LOCAL WEATHER HISTORY: REANALYSIS OF JULY 13, 1883 OUTBREAK OF SEVERE WEATHER

An outbreak of severe storms struck the area in the late afternoon hours of July 13, 1883, killing two people.

Posted: Jul 12, 2018 8:44 PM
Updated: Oct 9, 2018 2:31 PM

A severe weather outbreak struck the area July 13, 1883, which was part of a major severe weather outbreak (especially for mid-July) over a large area.

Locally, two people were killed (by falling trees), including a twelve-year old boy on horseback, as the worst of the severe storms blew up in the central parts of the the area in the late afternoon-evening. Arriving from the west, the severe wind did heavy damage to barns, homes, crops, trees & fences in northern Tippecanoe & southern White counties. Heavy damage to crops, trees, homes & barns was also done from Stockwell & Clark’s Hill to Frankfort & Rossville.  Although these were the areas of most-intense damage, it was reported at damage of some degree occurred county-wide in Tippecanoe & Clinton counties.  It was reportedly the worst, most damaging storm to hit Mulberry until July 1923.

Torrential rainfall accompanied the storms with flooding reported in White, Tippecanoe & Clinton counties. Although Lafayette proper did not see the serious wind damage, they saw the torrential rainfall with flooding streets & overflowing sewers.

An apparent tornado demolished much of the town of Beckville, in eastern Montgomery County with destruction to timber.  Wind, hail & possible tornado damage also occurred in & around the Indianapolis area.  Reports of damage extended from Elkhart County, in far northern Indiana, to Vincennes in southwest Indiana with even a destructive tornado northwest of Mt. Vernon, Indiana (at Carmi, in far southeastern Illinois).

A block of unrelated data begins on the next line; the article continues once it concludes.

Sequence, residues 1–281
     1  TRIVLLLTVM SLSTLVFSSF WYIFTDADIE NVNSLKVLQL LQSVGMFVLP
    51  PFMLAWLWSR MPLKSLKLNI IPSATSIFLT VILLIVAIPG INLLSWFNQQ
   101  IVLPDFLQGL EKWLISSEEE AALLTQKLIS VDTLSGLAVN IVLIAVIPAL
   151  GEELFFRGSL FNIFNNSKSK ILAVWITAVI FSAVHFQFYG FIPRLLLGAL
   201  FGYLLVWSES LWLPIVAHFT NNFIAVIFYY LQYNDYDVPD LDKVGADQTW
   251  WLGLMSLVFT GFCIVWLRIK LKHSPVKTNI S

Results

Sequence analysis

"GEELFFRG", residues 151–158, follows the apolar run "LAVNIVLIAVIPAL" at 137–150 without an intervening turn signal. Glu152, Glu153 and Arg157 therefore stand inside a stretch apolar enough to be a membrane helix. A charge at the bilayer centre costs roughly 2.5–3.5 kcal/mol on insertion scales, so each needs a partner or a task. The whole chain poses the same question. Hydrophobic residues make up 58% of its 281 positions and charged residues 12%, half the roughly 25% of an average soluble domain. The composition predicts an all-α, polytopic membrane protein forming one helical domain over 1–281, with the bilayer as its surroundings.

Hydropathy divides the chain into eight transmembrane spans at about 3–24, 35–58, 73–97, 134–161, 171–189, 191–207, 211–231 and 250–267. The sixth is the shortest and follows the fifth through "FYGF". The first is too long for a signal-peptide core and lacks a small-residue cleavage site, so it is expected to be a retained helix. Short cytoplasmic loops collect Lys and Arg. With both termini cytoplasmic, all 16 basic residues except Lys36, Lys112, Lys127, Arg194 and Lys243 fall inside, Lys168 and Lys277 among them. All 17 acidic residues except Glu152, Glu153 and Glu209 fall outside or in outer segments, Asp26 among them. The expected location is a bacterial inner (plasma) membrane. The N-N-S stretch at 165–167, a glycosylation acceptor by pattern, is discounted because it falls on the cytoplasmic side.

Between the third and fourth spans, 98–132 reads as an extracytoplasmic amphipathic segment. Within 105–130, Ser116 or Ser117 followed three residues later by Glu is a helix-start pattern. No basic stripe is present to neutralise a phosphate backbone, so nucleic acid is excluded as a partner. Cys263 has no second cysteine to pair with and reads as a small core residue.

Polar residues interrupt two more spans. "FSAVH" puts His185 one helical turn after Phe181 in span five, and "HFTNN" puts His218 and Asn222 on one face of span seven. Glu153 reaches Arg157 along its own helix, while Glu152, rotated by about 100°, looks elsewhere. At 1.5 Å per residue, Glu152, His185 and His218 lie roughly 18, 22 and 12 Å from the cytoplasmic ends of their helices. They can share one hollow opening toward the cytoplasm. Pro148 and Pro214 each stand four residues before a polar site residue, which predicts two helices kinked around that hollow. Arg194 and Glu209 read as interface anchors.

This large, significant outbreak of severe weather (with likely multi-mode storms from supercells to bows to clusters to perhaps a large squall line) with wind, large hail, tornadoes & flash flooding from Nebraska & Kansas to Indiana, it was an active month overall.  Parts of the Corn Belt northwest of our area saw 15" of rainfall for July.  7.72" rain fell for the month near Peru & 6.81" at Kokomo.  Southern Missouri received major flooding & parts of Missouri reported their worst flooding since the great 1844 spring-summer floods.

A testament to the system & outbreak, homes were reportedly demolished by an apparent tornado (far south of July) at Eureka Springs, Arkansas on July 14.  14 buildings were completely destroyed by a tornado at New Hampton, Missouri on July 13.  Damage was extensive with a dozen killed & hundreds injured.  21 people alone were injured in northern Missouri when the winds lifted a passengar train off the tracks & flipped it over.

There were an enormous number of severe weather reports & this was before the advent of organized spotter networks.  Reports are from newspapers, diaries & the U.S. Weather Bureau at the time.  Most of the reports occurred on July 13.